Behind-the-counter, but Over-the-border? The Assessment of the Spillover Effect of Increased Availability of Emergency Contraception in Washington on Neighboring States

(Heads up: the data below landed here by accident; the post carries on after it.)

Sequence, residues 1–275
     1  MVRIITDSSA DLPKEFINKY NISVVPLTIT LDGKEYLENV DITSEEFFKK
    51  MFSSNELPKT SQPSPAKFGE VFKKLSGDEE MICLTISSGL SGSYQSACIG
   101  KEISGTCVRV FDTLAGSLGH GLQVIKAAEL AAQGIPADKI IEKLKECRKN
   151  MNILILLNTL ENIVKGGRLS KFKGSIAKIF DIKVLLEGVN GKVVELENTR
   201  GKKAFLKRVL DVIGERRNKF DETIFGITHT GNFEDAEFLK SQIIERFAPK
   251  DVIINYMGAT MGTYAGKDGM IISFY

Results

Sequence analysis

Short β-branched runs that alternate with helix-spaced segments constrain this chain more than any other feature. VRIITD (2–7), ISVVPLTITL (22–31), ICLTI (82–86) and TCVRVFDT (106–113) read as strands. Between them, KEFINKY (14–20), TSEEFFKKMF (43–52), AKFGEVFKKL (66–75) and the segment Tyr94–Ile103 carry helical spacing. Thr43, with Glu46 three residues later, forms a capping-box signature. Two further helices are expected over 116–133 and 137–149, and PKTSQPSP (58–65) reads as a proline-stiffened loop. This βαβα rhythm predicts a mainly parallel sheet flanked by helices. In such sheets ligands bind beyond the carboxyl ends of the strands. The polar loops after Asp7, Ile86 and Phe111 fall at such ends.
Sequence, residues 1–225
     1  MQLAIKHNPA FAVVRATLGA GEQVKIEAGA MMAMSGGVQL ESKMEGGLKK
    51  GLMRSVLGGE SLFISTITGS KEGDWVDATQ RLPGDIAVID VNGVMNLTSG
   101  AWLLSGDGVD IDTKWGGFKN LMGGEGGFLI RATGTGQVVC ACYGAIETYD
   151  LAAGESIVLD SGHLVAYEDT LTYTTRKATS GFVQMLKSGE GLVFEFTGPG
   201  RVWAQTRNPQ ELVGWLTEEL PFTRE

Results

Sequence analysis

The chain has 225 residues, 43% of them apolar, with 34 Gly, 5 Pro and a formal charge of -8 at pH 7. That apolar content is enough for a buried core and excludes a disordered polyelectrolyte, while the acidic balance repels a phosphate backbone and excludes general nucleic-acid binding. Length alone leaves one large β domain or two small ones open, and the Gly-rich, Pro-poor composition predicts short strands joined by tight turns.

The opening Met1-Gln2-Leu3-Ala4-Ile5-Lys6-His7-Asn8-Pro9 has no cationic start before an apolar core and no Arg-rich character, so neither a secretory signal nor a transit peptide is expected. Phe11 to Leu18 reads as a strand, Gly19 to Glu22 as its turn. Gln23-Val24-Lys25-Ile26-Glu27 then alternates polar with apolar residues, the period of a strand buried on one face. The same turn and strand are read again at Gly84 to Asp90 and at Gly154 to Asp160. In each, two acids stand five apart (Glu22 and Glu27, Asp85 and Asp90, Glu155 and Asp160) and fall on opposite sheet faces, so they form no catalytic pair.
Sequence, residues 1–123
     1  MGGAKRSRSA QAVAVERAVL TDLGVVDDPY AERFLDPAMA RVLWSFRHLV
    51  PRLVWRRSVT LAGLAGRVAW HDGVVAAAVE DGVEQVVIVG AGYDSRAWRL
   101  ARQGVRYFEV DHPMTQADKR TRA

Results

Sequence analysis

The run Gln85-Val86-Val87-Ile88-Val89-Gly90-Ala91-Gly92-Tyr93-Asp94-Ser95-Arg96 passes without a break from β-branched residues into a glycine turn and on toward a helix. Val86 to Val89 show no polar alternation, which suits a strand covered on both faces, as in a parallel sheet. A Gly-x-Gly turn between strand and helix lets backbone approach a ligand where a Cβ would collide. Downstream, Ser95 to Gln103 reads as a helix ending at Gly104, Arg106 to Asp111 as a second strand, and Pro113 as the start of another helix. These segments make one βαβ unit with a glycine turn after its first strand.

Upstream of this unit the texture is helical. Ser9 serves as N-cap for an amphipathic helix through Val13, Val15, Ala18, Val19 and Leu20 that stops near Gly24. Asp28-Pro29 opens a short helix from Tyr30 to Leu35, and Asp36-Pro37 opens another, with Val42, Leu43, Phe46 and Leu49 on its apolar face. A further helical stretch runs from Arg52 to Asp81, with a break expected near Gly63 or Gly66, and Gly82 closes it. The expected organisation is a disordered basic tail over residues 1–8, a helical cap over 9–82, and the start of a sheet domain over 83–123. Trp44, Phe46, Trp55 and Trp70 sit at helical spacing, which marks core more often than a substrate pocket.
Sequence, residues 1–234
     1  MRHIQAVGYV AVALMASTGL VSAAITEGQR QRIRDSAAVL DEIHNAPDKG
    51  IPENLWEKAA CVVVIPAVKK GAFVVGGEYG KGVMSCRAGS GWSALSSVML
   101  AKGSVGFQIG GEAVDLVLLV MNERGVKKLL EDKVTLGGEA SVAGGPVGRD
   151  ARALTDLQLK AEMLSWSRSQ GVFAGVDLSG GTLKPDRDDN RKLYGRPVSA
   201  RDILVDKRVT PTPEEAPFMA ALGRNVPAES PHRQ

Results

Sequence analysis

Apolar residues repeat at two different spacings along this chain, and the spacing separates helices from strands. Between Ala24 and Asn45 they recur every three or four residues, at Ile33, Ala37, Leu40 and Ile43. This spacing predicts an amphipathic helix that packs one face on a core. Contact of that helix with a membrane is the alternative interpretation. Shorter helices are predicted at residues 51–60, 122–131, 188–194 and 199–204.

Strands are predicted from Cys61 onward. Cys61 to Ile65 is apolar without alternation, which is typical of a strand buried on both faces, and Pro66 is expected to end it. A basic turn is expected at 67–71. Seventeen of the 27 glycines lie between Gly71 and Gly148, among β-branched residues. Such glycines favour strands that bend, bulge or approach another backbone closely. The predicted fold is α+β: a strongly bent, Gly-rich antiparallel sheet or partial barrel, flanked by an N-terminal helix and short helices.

Emergency contraception (EC), that gained FDAâ€™s approval in the late 1990s as a prescription medicine, may effectively prevent unwanted pregnancy if taken promptly after an unprotected sexual intercourse. Because EC efficacy is inversely related to the duration between intercourse and the time it is taken, the prescription requirements can make it less effective. Washington was the first state to loosen up the prescription requirements making EC available behind-the-counter at pharmacies to women of any age in 1998. I hypothesize that the increased availability of EC affects fertility rates beyond the borders of the state that allows it. Using the difference-in-difference methodology and 1991-2005 county level data, I find that increased access to EC is associated with a substantial and statistically significant 5-7% decrease in abortion rates and 2% decrease in pregnancy rates in Washington counties that had access to EC without a prescription within 10 miles. As expected, the effect becomes numerically smaller and statistically weaker with an increase in travel distance. I find some evidence in support of the spillover effects in Idaho, but not Oregon. After accounting for changes in the availability of abortion services, the decrease in fertility rates in â€œtreatedâ€ Idaho counties is rather small and models lack sufficient power to detect it.
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